By Shaun Robison
A competitive market means greater choice, and more pressure on top schools to justify their prices
Affordable schools have seen a very big response from parents in Dubai in the past year. Clearly, parents are feeling the pinch, meaning price, as well as quality, matters.
This theory is borne out by the success of new schools that offer competitive packages. In 2016, GEMS Founders School, which offers the UK curriculum, opened in Al Barsha with a reported 1,700 children, the highest of any school that has opened in Dubai in the past five years. Its fees range from AED20,900 ($5,688) to AED29,000 per year.
Online school iCademy Middle East reported 11 percent growth last year for its US curriculum option, which costs between AED18,000 and AED27,000 per term.
This year, Newlands School, a new UK curriculum based in Al Warqa, with fees ranging from AED17,000 to AED26,000, opened with 267 children, the highest of any new school in Dubai this year, despite its announcement to open at the end of May, a very late start for a new school.
This perhaps marks a new trend in a market that has seen a huge increase in new schools every year for the past three years, with the majority of schools entering at the premium end. North London Collegiate School, with fees ranging from AED83,000 for KG1 going to AED130,000 for Grade 12 also opened in September. Last year, GEMS Nations opened with similar fees in 2016 but then merged with Dubai American Academy this year, which has fees of between AED23,000 and AED84,500. More new premium schools are on the horizon with the likes of Brighton College and The Dwight School already announced for 2018 openings.
Value and choice
As well as more choice in terms of price point, it’s clear that nearly all parents are now getting their first choice of school, which has not been the case for many years. In 2017, established legacy schools have advertised availability for the first time. And crucially, affordable schools have always given the more expensive schools a run for their money when it comes to academic results.
Al Salam Private School, with fees ranging from AED16,000 for FS1 to AED30,000 for Year 13, has delivered exceptional results, year upon year. It achieved excellent results in its 2017 IGCSE examinations with 97 percent of students achieving an A to C grade and a staggering 63 percent scoring an A or A*, placing them as a top five school in the country. All of the schools above them are in the premium segment of the market. Another affordable school, Al Diyafah is not far behind them.
It’s clear that the best, affordable schools get the core academic subjects right. The new premium schools can offer better facilities, bigger campuses, and newer resources but behind the glossiness, the core of education remains the same – the relationship between teacher and student. One noticeable advantage for new premium schools is the ability to offer small class sizes in the early years from FS1 to Year Two. Premium schools often promise class sizes smaller than affordable schools, which is an attractive proposition for parents. However, the pressure to get more children to cover costs means that this isn’t a given any more.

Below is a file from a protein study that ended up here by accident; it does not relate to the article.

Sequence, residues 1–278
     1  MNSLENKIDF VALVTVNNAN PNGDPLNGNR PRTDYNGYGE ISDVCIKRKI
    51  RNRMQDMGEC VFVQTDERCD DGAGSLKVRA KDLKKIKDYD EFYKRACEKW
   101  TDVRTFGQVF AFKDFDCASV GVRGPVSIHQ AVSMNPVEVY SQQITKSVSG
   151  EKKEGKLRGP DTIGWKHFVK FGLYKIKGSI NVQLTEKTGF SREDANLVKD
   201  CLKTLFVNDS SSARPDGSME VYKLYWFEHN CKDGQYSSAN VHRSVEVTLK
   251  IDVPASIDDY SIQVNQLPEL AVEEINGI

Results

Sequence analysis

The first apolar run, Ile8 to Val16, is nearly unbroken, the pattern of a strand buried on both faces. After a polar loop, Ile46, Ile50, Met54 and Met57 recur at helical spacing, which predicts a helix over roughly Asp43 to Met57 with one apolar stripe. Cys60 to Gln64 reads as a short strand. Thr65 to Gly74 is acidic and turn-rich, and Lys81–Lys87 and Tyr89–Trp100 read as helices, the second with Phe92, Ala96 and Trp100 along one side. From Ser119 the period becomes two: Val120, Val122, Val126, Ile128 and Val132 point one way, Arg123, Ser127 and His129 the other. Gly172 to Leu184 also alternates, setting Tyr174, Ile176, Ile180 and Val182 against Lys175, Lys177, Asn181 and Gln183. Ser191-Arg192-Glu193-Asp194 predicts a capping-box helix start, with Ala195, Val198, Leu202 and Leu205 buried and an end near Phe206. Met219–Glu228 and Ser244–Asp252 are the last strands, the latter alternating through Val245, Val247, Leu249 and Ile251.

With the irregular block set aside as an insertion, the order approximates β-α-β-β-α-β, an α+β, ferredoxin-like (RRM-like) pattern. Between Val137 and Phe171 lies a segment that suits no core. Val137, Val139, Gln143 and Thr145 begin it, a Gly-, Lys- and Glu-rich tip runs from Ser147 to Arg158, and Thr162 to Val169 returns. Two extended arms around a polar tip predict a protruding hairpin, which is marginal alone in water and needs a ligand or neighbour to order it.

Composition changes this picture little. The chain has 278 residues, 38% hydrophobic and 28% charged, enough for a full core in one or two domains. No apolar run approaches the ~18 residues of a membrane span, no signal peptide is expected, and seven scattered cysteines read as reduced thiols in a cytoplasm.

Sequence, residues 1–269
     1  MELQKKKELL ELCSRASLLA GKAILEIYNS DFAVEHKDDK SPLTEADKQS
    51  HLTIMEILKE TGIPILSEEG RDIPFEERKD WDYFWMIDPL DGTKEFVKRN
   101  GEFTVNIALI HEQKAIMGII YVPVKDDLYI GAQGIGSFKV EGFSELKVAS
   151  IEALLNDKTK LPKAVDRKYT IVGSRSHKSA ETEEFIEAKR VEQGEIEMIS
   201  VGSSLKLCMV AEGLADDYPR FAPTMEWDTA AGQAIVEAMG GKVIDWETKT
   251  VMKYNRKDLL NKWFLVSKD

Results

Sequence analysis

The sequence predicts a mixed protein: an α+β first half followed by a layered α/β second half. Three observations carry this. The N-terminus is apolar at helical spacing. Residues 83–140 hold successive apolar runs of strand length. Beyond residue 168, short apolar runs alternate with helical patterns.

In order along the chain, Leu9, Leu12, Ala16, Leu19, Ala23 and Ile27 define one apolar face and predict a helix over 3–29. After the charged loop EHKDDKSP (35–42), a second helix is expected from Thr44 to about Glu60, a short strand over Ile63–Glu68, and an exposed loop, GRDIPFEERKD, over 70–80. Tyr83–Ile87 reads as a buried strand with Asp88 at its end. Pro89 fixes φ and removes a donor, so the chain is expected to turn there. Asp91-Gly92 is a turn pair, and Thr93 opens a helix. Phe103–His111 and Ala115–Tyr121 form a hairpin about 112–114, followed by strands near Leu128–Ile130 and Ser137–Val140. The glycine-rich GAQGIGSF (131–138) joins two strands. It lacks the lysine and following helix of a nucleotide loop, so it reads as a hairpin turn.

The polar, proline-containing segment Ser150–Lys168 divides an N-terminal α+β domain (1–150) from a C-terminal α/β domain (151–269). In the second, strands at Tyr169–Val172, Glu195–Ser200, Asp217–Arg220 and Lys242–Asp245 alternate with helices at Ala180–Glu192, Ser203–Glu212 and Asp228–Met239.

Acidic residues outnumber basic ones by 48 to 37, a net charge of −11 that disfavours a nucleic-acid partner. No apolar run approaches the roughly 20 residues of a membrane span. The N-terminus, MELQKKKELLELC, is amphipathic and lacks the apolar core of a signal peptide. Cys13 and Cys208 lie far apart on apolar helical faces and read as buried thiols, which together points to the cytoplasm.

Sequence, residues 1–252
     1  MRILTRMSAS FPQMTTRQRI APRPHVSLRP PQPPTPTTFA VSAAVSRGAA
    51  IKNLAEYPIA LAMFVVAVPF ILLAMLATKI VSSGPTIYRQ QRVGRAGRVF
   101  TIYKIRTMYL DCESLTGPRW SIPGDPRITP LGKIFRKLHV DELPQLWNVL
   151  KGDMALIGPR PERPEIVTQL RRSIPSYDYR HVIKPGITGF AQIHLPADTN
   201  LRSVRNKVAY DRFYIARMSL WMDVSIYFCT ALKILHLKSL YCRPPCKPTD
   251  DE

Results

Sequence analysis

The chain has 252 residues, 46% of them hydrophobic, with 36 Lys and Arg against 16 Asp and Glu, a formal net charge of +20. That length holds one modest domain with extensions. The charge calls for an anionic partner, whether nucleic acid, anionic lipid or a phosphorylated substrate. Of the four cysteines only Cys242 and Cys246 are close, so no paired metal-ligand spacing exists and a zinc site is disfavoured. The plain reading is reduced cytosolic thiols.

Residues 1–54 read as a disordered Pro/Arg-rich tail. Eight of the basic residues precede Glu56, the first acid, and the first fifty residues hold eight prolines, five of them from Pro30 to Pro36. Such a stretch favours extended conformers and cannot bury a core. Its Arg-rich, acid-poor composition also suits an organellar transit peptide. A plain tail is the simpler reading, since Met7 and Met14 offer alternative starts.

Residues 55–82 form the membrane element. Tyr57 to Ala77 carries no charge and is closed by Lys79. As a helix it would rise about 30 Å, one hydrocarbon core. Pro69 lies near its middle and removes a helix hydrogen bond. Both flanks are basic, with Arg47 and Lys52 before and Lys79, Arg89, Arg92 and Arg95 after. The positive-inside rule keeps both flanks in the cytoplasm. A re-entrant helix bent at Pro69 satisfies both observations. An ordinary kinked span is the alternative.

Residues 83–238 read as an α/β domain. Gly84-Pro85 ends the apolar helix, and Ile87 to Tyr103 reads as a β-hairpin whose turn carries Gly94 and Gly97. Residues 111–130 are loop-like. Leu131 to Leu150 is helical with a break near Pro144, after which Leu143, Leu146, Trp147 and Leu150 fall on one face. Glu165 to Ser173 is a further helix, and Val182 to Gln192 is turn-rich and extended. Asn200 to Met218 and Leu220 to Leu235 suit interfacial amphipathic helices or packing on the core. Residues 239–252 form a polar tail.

Routes to market
The financial stress of recruiting children is visible as school marketing budgets have doubled in the past year. In 2016, schools in the UAE spent $14.65m on advertising, according to the latest IPSOS figures. GEMS Nations Academy was the biggest spender in school marketing in 2016 and North London Collegiate School is in the top three in 2017.
However, there’s a good case to say that schools are not being efficient when it comes to marketing spend. Schools are still investing in traditional, and costly, advertising mediums that simply do not engage parents, who recognise they have choice at the top of the admissions funnel. In the digital age, it is a waste of time and money for schools to advertise in places where shoppers don’t look for help with school choice.
The sector still needs to professionalise within this niche space, and the necessity to have a strong digital marketing team has never been so apparent.
Premium schools are also offering discounts and scholarships to incentivise parents in order to fill places. Incidental discounts are becoming more frequent and parents are exercising their bargaining power with admissions offices at the premium segment of the market, which will inevitably put pressure on the mid-market segment.
With new operators at the affordable end of the market, and with the expansion of existing affordable players, the pressure on the higher priced schools to deliver on academic results will increase, as parents will start to question whether better facilities, and better resources is worth more, than better academic results, and a more sustainable financial model.
In the next two years, parents in Dubai will have choice at every price point, and affordable schools might be the option that enables expatriate parents to plan for a longer future in Dubai.